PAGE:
[00:13:22] As members of a university community, we all understand that education, the free and unfettered exchange of knowledge and ideas, is a universal human right. We call on you to reject the notion that the financial gain of the institution may justifiably come at the cost of the lives and learning of our Palestinian siblings.

[00:13:40] I stand behind the demands of the UO for Palestine Coalition and call on you all to use your positions of power to ensure that the UO Foundation disclose its investments and divest from the U.S.-Israeli war machine. The foundation must condemn the genocide and it must boycott Hewlett Packard.

[00:13:56] Gabriela Moreno (June 4, 2024): Hello, my name is Gabriela Moreno. I’m a student and I lead the UO chapter of Jewish Voice for Peace, and I was also one of the negotiators.

[00:14:03] I stand behind the demands of the UO for Palestine Coalition. You must pressure the UO Foundation to disclose its investments and divest from the U.S.-Israeli war machine. You must condemn the genocide, and you must boycott Hewlett Packard products.

[00:14:16] After months of protest, 40,000 murdered Palestinians, including 15,000 children by American bombs made by companies you directly invest in, the university continues to prioritize profits over humanity and international law.

[00:14:29] Members of this board, such as Steve Holwerda, the Board of Trustees chair, whose investments firm has direct investments in BDS companies, and some of the worst human rights abusers, such as Boeing, Hewlett Packard, and Lockheed Martin.

[00:14:38] Marcia Aaron, Board of Trustees vice chair, was the managing director of Deutsche Bank Securities when they were discovered to have financially backed the construction of Auschwitz and resisted compensating Holocaust survivors.

[00:14:51] Another example of members of the board prioritizing profits over resistance to genocide. Currently, y’all are zero for two on the genocide counter. And as a Jewish student, I don’t really feel safe having you represent me.

[00:15:03] In negotiations, President Scholz, you directly told us you would not be ‘weaselly.’ You did not negotiate in good faith. You lied to the public and faculty about our negotiations and offers. You reneged on our agreed cease-fire agreement that we spent hours debating on. You took out the word ‘Palestine’ or ‘Palestinians’ from said agreement. You took out any acknowledgement of the countless international organizations that have called for a cease-fire, and you recently joked about violently attacking student protesters at your investiture. What a great way to start your presidency.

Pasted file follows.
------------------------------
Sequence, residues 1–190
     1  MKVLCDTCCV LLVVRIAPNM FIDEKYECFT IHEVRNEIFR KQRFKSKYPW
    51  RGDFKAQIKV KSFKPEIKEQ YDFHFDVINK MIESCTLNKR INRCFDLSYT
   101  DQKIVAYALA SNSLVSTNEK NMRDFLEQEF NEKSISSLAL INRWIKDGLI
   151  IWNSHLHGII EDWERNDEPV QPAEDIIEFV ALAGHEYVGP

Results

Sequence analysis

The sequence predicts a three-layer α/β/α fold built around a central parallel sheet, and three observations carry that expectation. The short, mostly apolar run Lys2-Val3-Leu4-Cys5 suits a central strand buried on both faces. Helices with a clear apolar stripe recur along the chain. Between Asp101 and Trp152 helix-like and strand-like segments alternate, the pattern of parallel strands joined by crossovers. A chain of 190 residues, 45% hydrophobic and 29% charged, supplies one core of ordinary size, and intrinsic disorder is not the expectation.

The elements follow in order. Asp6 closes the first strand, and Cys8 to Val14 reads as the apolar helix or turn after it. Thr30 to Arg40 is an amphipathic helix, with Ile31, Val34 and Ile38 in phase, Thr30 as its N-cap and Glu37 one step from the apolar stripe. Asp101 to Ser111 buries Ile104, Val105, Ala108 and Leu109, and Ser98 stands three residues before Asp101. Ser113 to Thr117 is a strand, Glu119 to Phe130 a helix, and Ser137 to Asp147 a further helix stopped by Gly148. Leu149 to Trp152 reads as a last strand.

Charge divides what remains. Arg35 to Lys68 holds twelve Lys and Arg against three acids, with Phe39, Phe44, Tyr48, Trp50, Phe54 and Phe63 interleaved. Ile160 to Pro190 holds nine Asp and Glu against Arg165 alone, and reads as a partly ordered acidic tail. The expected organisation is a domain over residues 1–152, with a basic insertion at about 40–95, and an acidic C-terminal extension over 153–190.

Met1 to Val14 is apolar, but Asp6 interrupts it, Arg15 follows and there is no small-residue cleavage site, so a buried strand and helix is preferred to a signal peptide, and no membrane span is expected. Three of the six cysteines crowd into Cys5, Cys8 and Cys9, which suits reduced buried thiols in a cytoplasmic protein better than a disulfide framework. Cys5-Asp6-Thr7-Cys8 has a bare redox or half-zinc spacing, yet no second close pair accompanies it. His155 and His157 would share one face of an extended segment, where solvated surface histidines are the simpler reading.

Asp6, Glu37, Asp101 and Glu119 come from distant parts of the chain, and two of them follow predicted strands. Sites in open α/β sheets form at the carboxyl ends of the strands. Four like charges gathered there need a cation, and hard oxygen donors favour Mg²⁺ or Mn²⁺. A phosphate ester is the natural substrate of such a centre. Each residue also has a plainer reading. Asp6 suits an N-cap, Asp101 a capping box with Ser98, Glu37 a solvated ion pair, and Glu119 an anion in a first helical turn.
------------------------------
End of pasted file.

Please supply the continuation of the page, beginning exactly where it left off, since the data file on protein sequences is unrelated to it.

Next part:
[00:15:36] You have consistently made it clear that you are willing to be remembered as someone who would rather profit off a genocide than stop one. All of you have made it clear that you would rather choose the path of cowardice and profit over humanity. It is time for that to change, for you to disclose and divest if you have any desire to save a shred of dignity or courage for this university and yourselves.

[00:15:53] We will not stop. We will not rest. Free Palestine from the river to the sea.

[00:15:58] Efron Judakoff (June 4, 2024): Hello, my name is Efron Judakoff, and I’m currently a junior at the University of Oregon. I’m speaking to you on your inability to disclose and divest from the Israeli war machine in which over 40,000 martyrs have been killed.

[00:16:10] As a student, but as a queer transgender Jew, you say you care about the students at this university, but as my time has been here for the past three years, you just don’t. You care about your wealth, filling your pockets, and only that, not your students. A lot of you say you have humanity, but your investments, previous or current, say differently.

[00:16:30] Let’s take one of our current Board of Trustees, Marcia Aaron. She was the managing director of Deutsche Bank Securities when they were discovered to have financially backed the construction of Auschwitz. Under her leadership, she refused to pay back Holocaust survivors who went through genocide, but here she is, sitting across from me, abetting another genocide.

[00:16:49] Marcia Aaron, I’m speaking to you personally. You have blood on your hands putting profit over people. I speak to you personally as a family that has been genocided. I will not forgive you, nor will I forgive the rest of the Board of Trustees, with the current genocide you guys are abetting through your money.

[00:17:06] I do not forgive any of you. I sit here and I’m begging you to divest. From the river to the sea, Palestine will be free. Free Palestine.

[00:17:16] John Q: Jewish students address the UO Board of Trustees at the March 12 and June 4 meetings. They expressed concerns about growing antisemitism on campus, war profiteering, and an erosion of trust in the university.